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Russia offers humanitarian aid, Ukraine confirms partial Russian pullout

Posted on May 28 2014 | IANS

Moscow/Kiev, May 28 : Russia Wednesday offered to send humanitarian aid to Ukraine's eastern regions as Ukraine confirmed a partial pullout of Russian troops from its border.

Expressing its readiness to send humanitarian aid to Ukraine's eastern regions, Russia said it expected a prompt response from Kiev to facilitate the deliveries.

"Russia receives insistent pleas from the conflict zones in eastern Ukraine for urgent humanitarian aid," the Russian foreign ministry said in a statement.

Noting that the ongoing military operation in those regions had led to numerous casualties, Russia urged Ukrainian authorities to undertake all measures to provide aid delivery promptly, Xinhua reported citing the statement.

The aid would consist mostly of medical products, it said, adding the delivery routes should be agreed and secured.

Since Ukraine's political crisis became acute in February, Moscow has warned of a looming humanitarian catastrophe in the country.

In March, Federal Migration Service head Konstantin Romodanovsky said Russia was concerned by symptoms of a "growing humanitarian catastrophe" in Ukraine.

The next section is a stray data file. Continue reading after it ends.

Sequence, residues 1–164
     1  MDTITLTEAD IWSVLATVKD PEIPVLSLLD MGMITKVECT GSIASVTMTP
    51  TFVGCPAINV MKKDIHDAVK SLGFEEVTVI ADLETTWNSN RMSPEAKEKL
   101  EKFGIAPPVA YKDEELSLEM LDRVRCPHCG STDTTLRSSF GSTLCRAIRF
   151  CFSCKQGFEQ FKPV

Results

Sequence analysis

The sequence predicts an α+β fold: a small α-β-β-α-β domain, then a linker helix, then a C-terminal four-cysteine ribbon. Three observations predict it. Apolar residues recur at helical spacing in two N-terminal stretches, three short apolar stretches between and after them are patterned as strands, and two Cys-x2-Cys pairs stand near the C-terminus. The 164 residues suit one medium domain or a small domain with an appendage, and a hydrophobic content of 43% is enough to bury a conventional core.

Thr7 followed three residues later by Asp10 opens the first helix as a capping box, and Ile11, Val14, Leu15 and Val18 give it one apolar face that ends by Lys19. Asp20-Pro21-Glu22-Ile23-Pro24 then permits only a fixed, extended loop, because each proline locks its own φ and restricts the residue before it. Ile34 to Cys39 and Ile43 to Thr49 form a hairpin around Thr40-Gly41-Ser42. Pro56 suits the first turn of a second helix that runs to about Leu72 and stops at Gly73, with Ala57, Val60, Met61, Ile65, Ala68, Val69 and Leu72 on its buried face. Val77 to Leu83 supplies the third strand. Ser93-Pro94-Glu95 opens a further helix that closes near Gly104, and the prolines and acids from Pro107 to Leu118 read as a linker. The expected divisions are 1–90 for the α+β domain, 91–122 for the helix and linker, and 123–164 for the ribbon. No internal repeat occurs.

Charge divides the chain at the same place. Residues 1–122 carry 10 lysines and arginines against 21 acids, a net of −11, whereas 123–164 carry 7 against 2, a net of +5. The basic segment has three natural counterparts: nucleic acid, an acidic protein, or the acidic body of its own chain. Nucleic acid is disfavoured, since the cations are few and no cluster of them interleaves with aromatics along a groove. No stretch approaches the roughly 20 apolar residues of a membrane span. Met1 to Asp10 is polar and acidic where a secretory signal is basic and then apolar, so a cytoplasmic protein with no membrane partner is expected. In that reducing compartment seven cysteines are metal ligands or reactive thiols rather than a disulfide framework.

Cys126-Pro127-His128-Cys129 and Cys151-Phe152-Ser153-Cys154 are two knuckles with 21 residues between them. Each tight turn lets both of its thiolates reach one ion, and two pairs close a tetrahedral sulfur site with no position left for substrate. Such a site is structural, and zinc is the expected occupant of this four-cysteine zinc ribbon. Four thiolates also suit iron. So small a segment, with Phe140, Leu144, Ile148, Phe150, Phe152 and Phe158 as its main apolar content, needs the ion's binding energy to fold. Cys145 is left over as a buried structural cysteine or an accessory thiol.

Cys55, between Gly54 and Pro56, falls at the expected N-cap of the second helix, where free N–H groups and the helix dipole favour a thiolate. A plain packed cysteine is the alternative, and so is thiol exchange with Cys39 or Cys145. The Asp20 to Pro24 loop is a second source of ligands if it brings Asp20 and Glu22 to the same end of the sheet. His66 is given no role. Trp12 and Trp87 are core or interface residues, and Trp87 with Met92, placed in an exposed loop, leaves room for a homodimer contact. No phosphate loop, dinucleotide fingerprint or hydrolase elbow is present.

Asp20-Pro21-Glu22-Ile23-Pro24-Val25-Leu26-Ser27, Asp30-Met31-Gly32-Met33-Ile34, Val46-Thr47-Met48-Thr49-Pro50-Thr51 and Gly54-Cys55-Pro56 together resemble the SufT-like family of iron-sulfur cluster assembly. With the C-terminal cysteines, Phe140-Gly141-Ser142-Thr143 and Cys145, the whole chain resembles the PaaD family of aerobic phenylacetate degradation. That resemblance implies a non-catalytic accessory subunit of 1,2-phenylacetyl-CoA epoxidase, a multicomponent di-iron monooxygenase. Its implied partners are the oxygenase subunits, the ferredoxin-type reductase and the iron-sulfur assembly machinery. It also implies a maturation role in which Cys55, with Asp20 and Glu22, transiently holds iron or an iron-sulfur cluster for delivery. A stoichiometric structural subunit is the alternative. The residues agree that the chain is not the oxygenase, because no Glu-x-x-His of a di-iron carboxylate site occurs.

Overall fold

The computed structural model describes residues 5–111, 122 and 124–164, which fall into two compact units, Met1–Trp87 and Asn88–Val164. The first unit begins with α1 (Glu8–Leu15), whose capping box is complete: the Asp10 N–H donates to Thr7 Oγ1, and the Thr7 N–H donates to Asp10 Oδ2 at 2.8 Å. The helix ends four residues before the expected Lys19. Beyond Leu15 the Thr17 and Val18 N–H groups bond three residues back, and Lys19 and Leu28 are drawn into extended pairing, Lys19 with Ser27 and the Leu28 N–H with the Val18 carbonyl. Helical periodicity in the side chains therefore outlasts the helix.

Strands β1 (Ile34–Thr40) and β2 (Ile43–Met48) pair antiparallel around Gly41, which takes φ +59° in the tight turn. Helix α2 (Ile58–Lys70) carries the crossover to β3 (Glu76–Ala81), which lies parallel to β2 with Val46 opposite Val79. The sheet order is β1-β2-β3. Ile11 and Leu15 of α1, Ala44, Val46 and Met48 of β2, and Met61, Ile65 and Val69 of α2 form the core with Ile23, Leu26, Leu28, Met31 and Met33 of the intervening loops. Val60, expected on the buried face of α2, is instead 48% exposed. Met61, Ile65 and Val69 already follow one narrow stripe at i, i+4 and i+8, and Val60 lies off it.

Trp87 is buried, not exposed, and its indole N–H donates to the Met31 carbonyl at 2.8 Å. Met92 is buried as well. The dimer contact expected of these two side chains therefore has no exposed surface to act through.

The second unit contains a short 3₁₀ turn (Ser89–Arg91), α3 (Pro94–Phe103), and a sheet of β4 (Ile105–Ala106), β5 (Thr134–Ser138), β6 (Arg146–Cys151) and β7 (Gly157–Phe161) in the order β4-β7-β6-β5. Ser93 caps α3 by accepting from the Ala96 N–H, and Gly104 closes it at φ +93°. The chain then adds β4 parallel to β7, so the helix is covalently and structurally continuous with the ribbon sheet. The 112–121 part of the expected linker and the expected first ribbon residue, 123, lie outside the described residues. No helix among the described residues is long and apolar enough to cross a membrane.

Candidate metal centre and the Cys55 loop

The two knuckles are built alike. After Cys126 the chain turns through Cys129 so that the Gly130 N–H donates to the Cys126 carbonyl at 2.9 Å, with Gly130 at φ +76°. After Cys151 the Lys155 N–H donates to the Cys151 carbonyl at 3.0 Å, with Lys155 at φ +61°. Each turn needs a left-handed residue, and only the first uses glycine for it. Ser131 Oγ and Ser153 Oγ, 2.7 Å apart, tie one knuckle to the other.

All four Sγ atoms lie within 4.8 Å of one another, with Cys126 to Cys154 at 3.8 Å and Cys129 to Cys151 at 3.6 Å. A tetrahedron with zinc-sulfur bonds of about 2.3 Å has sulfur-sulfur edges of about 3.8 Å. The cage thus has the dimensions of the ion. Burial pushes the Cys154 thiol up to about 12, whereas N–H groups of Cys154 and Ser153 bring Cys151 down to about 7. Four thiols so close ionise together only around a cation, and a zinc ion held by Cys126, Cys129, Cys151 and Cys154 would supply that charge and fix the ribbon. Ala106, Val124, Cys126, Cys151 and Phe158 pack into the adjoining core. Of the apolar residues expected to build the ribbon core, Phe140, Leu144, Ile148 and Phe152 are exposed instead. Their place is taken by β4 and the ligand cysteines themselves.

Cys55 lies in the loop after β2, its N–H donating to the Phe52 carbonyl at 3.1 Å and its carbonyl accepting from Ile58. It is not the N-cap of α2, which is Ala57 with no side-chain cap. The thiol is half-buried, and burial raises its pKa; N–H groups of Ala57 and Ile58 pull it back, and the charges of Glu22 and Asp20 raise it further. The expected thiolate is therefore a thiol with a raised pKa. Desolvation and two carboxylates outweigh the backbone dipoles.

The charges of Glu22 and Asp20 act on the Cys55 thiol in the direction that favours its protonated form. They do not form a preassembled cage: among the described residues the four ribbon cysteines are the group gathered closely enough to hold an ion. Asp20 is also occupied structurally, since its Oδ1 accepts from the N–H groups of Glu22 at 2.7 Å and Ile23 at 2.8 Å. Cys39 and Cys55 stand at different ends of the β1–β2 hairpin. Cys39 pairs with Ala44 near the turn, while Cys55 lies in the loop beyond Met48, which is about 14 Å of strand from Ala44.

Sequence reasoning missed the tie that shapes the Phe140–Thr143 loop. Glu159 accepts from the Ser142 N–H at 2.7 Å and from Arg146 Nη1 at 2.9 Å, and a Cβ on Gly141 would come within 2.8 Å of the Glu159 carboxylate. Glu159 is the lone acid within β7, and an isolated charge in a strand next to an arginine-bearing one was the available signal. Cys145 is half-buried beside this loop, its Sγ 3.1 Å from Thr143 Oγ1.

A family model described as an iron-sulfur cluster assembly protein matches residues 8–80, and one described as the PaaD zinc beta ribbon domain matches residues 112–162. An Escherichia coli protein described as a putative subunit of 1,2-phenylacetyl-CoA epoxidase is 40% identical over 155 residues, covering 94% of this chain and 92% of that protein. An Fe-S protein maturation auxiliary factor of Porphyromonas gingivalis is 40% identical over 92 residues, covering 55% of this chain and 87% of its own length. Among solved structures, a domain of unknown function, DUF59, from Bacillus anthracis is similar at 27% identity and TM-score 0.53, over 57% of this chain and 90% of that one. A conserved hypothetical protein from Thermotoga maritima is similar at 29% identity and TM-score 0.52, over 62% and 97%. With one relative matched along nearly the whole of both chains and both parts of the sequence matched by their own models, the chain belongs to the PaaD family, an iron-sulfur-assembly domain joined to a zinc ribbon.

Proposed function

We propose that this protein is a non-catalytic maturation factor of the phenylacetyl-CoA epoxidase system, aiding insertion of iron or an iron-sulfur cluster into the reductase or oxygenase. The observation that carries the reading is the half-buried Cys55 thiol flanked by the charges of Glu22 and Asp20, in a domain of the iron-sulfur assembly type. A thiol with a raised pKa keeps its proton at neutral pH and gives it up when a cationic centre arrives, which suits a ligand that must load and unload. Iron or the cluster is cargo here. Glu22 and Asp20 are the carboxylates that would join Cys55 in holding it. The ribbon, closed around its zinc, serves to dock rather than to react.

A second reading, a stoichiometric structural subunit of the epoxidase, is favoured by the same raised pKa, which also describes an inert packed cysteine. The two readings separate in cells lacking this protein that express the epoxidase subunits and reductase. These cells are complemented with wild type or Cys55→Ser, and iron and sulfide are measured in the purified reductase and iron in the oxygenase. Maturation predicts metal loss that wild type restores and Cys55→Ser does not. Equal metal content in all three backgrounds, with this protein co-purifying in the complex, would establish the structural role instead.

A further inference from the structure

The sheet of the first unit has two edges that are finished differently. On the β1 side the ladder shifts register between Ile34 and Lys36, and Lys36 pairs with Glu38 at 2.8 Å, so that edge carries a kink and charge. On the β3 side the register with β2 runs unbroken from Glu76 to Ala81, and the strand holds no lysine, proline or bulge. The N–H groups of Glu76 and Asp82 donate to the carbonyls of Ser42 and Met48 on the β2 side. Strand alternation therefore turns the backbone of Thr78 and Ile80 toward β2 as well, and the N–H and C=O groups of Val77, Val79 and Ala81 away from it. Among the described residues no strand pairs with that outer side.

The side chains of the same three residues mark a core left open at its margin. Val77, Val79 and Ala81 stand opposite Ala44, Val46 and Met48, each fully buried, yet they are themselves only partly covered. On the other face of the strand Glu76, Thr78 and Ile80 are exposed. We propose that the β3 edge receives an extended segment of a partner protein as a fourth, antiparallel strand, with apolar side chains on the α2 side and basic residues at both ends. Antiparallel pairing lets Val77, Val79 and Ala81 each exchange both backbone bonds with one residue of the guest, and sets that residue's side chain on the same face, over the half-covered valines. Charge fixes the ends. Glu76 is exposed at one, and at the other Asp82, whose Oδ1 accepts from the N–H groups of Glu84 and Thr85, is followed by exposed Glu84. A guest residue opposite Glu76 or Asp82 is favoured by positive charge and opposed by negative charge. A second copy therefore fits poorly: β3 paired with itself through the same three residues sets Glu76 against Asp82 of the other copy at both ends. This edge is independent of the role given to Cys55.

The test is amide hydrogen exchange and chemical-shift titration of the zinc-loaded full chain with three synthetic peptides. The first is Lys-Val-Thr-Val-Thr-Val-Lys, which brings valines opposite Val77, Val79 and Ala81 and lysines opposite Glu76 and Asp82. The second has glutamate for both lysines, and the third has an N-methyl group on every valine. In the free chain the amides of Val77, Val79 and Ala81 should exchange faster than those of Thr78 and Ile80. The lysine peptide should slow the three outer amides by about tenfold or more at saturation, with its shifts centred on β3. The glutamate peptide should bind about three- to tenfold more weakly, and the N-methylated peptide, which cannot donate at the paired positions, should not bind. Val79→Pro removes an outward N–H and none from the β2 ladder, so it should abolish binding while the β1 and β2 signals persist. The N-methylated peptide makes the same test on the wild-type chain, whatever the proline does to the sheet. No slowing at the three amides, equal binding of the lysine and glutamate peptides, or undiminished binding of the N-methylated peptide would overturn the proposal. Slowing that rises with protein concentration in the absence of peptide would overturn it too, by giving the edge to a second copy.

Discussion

During recent operations by Ukraine troops and pro-government paramilitary in the rebellious Donetsk region, up to 100 people, including civilians, have been reportedly killed.

Meanwhile, Ukraine's State Border Service (SBS) Wednesday reported a partial withdrawal of Russian troops from the border.

"According to our information, the pullout of troops from our borders is under way. However, intelligence units, radio units, electronic reconnaissance units as well as logistic infrastructure are staying where they were," SBS Chairman Mykola Lytvyn told a press conference in Kiev.

Lytvyn said his agency did not rule out the possibility of Russian troops returning to the area and urged the government to create a special 3,000-troop unit to strengthen control on the eastern border-crossing, according to Xinhua.

However, Lytvyn emphasised a border closure was not on the agenda.

So far, tensions have remained high in eastern Ukraine, where pro-Russia activists are engaged in conflicts with government troops.

Kiev has repeatedly blamed Moscow for inciting the unrest and splitting Ukraine. Russia denies the charges.

To ease the tension, Russia started withdrawing troops from regions bordering Ukraine from May 19.

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